Tencent veterans secure $13 million to build decentralized cross-chain identities TechCrunch

There are numerous startups working on decentralized identities for the next generation of the Internet. Four Tencent veterans want their proposal .bitan identity protocol built on the blockchain to become a universal identification system in web3 the way emails and phone numbers became ubiquitous in web2, while giving users control over their own data rather than letting it reside within platforms, which they use.

.bit-powered identities come in the form of the eponymous domain name. Here’s how it works: choose a .bit alias, link it to the addresses of your crypto or NFT wallets that .bit currently supports, and all data and assets from those wallets will now sit under the .bit “data container” and be displayed on your .bit page.

Say you need to get cryptocurrency from someone. Instead of giving them your 35 character wallet address, you can give them something as simple as claire.bit.

The Ethereum Name Service (ENS) is perhaps the biggest player in the blockchain naming system space today, with .eth increasingly found in names on Twitter. Although .bit sees ENS as its rival, it doesn’t bill itself as a domain service, but rather as an identity solutions provider.

In addition, Tim Yeo, one of the co-founders of .bit, said that his company provides a “neutral” and “chain-agnostic” solution, while .eth only interacts with Ethereum.

“In real life, your houses and financial assets are linked to your unique identification number. .bit serves as a digital identifier for all your assets in the web3 world,” said the founder.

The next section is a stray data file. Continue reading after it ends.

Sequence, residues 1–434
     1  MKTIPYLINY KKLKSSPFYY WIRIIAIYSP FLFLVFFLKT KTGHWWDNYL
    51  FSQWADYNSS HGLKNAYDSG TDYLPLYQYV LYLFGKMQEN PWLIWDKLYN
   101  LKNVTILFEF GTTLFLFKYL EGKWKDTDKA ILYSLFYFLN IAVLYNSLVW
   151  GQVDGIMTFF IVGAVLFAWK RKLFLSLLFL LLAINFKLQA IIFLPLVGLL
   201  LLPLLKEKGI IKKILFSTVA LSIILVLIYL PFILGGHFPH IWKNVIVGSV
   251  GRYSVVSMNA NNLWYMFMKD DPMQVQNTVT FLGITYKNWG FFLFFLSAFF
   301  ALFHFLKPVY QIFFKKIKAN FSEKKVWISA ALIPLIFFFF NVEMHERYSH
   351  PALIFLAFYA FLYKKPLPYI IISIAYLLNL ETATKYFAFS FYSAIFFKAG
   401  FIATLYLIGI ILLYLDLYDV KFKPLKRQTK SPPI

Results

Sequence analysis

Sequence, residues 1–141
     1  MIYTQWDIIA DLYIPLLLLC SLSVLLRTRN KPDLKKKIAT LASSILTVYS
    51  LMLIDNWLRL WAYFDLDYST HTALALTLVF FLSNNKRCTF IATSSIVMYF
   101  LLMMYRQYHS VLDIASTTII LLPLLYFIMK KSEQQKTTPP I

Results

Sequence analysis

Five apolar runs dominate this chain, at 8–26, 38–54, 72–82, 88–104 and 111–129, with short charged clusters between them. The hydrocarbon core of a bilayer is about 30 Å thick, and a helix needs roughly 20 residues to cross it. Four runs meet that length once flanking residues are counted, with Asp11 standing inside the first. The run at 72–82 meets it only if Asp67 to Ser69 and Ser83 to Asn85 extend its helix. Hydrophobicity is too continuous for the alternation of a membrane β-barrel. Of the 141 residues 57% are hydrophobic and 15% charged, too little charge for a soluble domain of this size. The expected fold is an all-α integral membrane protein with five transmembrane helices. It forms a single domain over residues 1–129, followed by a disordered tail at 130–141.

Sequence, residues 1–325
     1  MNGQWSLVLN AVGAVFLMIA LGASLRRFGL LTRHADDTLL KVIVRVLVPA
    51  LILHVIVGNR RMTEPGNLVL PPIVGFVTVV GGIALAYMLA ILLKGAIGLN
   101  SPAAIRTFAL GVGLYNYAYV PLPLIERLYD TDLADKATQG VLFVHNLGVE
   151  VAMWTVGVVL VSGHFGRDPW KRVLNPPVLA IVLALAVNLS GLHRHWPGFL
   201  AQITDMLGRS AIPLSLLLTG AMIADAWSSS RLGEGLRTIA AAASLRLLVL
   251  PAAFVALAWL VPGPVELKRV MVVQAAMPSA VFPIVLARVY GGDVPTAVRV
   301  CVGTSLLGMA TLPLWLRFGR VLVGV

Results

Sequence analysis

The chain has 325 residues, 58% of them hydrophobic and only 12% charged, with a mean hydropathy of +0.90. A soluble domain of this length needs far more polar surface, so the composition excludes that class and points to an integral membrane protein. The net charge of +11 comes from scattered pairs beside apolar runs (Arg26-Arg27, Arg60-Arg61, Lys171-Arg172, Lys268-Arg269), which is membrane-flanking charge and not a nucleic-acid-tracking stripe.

One year after its founding, .bit registered more than 110,000 accounts with around 38,000 crypto addresses associated with them. The identity protocol already supports Polygon, Tron, Binance Smart Chain and Ethereum; plans to add compatibility with Bitcoin, Dogecoin, Polkadot, Solana and more in the future. In total, the protocol is integrated with nearly 100 wallets and dApps.

Its business model is simple: charge an annual subscription fee for the accounts, including domain names and other identity services. The strategy won the support of investors

as the company is closed $13 million Series A funding round led by CMB International, which is owned by Chinese conglomerate China Merchants Group, HashKey Capital, known for its early investments in Ethereum, QingSong Fund, GSR Ventures, GGV Capital and crypto-focused investment intermediary SNZ.

The startup plans to spend the capital on expanding partnerships, growing its user community around the world and hiring — though it wants to keep the team small and nimble.

The company’s next ambition is to promote the use of .bit for decentralized autonomous organizations (DAOs), Yeo said. Each member of the DAO receives their own .bit account and can use this piece of identity to vote on the organization’s decisions.

The startup consists of a small team of ten people spread across the US, China and Singapore, led by four co-founders who were colleagues at Tencent – Tim Yoe, Specker Shaw, Jeff Jin and Kyle Wright.

Its users already span about 180 countries, but Yeoh wants the company to reach more users in Africa and South America, where much of the population remains unbanked due to a lack of government documentation.

“A person who doesn’t have an official ID can get a .bit account, bypass the government and start using a range of apps,” suggested the founder. “If an individual makes a contribution to the DAO, that record can be reflected in their .bit profile. No need for certificates anymore.”

Like .eth, .bit is gradually gaining acceptance among crypto supporters on some established internet platforms. On Jike, a social network favored by Chinese tech workers, venture capitalists and web3 enthusiasts, people add the suffix .bit to their names even if they haven’t actually registered an account on the platform.

“They treat .bit as a form of social stamp,” Yeo said.

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